Surface preparation really is the deciding factor. Also it helps to aggressively dehumidify the paint working area, so you don't trap moisture under the primer, which will simply "go to town" and cause the paint to bubble off.
It also helps if you prime and paint the entire piece, and not ignore "backsides" where it is hard to access or where it has been bolted to the house.
OK, so if you're painting, you start with prep. There are various levels of it, from "no prep" clear up to SSPC-PC10 "sand blast to near white metal".
Least: Power wire brush - alkyd primer - alkyd enamel
As a practical "git-r-dun" matter, I just reach for my wire wheel, and go over the surface to where all removable surface rust is gone. You now have an orange-brown-tinted bare metal. I then immediately coat that with a "rusty metal" alkyd primer such as Rustoleum 7769, typically "red lead" color but certainly not lead. Two coats of that, mainly to assure there are no "holidays" (missed parts) but thickness helps too.
Then, if I am painting a light color, solely to reduce the number of topcoats required, I follow with a similar white metal primer (the primer being white). I find it is nowhere near as good at stopping rust; indeed Rustoleum 7780 is labeled as a "clean metal primer".
I would then follow with either a) an alkyd topcoat for ordinary wearing surfaces, or b) for tough surfaces a 2-part epoxy primer and marine LPU as described below.
Now, the alkyd topcoat will need maintenance, but as long as you do maintain it before it wears into primer layers, it'll just need the occasional topcoat. Could you use low-toxicity "latex" emulsion paints for this? Sure, but they're softer so they'll need more frequent maintenance.
Second Best: galvanizing.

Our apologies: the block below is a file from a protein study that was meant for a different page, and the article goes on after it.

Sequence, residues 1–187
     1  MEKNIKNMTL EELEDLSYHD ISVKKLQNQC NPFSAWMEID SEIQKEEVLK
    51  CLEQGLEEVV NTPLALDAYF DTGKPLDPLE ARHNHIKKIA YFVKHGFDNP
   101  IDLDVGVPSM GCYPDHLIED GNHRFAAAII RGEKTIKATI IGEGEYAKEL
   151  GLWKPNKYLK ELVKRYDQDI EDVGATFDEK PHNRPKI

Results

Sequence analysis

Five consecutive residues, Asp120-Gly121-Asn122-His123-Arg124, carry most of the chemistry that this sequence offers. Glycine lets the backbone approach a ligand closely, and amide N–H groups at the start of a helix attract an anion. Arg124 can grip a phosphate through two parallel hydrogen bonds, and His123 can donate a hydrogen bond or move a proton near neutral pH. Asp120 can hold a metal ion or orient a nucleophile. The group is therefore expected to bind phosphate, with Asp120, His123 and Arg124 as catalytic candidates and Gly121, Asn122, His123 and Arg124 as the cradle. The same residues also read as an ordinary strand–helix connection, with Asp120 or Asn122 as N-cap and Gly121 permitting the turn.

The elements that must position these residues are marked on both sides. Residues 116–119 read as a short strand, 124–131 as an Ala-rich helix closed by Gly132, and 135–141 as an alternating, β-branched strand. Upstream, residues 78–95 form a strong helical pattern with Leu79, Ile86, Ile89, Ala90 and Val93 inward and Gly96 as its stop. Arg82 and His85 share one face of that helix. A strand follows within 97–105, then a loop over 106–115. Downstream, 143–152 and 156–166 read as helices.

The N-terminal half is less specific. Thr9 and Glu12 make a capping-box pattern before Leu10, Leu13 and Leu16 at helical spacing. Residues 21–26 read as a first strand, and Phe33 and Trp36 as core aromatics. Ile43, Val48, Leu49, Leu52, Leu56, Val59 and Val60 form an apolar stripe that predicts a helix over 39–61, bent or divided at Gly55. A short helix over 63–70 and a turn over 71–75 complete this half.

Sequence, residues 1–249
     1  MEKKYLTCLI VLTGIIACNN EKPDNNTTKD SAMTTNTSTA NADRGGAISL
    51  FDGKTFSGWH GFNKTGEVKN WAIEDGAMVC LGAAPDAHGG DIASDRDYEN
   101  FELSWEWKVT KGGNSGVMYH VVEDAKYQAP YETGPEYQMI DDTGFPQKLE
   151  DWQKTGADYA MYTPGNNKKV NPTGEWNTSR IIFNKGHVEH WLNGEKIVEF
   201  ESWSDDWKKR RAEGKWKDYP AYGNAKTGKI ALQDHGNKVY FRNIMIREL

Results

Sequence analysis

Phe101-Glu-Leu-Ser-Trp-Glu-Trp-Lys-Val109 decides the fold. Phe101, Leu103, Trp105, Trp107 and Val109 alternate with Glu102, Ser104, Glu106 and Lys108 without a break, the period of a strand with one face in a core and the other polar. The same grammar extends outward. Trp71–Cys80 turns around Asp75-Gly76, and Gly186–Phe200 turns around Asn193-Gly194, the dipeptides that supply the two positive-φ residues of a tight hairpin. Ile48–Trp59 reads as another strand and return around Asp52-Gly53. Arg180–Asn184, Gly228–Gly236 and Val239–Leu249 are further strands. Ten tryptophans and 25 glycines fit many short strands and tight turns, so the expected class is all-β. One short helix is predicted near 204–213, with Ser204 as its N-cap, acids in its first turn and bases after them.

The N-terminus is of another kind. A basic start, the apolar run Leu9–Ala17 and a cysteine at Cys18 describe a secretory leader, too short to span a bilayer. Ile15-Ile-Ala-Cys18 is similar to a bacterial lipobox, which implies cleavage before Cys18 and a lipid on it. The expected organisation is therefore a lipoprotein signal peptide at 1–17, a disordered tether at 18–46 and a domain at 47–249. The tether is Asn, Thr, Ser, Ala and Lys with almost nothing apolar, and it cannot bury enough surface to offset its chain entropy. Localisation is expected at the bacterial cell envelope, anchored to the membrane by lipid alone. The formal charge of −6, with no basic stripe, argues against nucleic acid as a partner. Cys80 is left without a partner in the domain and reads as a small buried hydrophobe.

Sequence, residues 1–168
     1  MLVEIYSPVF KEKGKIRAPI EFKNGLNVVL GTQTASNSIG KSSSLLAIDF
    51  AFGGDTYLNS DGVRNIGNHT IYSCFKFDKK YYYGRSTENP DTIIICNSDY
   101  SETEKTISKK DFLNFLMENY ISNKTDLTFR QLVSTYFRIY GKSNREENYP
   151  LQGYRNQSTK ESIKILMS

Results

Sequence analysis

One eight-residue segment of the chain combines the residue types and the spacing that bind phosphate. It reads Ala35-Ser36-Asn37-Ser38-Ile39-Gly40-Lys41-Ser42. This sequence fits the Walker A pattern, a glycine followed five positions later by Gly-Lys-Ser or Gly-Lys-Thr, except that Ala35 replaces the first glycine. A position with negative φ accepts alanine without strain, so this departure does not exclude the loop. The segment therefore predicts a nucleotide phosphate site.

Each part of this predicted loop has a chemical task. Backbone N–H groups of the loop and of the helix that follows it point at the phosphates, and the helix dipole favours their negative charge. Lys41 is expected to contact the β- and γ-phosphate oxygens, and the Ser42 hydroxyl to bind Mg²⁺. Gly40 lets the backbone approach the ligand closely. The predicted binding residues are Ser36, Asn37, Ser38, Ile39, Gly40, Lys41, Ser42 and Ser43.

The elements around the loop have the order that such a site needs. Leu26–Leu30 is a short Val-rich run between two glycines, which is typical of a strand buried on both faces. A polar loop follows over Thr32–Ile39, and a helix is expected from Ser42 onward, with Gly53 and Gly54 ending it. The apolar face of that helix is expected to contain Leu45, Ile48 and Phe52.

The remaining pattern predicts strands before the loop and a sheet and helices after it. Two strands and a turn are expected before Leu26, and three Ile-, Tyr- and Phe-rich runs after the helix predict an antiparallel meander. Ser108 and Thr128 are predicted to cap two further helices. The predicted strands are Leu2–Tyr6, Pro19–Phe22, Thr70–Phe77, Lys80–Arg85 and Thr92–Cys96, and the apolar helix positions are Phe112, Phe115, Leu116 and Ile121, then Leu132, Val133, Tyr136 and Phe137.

Perfect world, you send the whole assembly out for hot-dip galvanizing, and part of that process is "pickling" or using electrolysis and aggressive acids to strip off all oxidation. Then, they dip it in a tank of molten zinc. That ages to a silver-gray surface, but is not particularly wear-friendly.
Can you paint over galvanizing? Yes, but the paint won't stick to fresh galvanizing. You need to give it a year (several years, indoors) for the patina to develop (the outer layer to oxidize) so the paint has anything to grab onto.
Best: Media blast - zinc chromate primer - epoxy primer - LPU
If you really need it to last in tough environments, and it will have high surface wear, then you need to pull out all the stops.
NASA has done a lot of research on this, being located at Cape Canaveral ("who picked this location? Stalin?") and they have an entire website on their research. http://corrosion.ksc.nasa.gov
It starts with media blast to near white metal, SSPC-PC10. NASA has found nothing less will do - any other preparation method results in a serious durability loss regardless of paint method.
Follow that with (NASA says) one of the zinc chromate primers - the ones you see on new airplane hulls or unfinished locomotives, that look like a flat green.
Follow that with a "barrier coat" of 2-part epoxy primer which is compatible with the LPU topcoat. The LPU can't bond to zinc chromate directly. So it's just there to be an "adaptor block" as it were.
Finally coat(s) of 2-part Linear Polyurethane (LPU) topcoat.
These products are available at a competent marine supply, and the advantage of marine versions are many are formulated to be brush-applied. The solvents smell most foul... however the really toxic elements are in the paint resin, and will chemically react to become completely harmless as the paint cures. If you brush it, the resin stays on the paint brush/roller... just wear gloves and long sleeve clothing, and try not to get it on your skin. (not the end of the world; skin is a relatively good barrier but still remove it immediately).
However, if you spray it, now the resin is atomized in the air, and lungs are a very poor barrier. You must wear a moon suit with externally supplied air, must have exit filtration or a wide cordon to keep innocents away, etc. So, don't spray it lol. At least, all the overspray will fall to the ground as fine powder, and will still cure - after the curing period has run, it too is harmless. (of course it's also micro-plastics, which isn't great for the environment). Also you had to use a lot more paint. Not a fan of spraying it.
Once the paint has cured (3-5 days for primers, 15-30 days for topcoats) the toxic BPA or isocyanates have been chemically neutralized. Heck, BPA-based epoxies are even used on the inside of drinking water tanks and food cans, and there's no remaining trace of BPA unless the mixing of the epoxy was botched.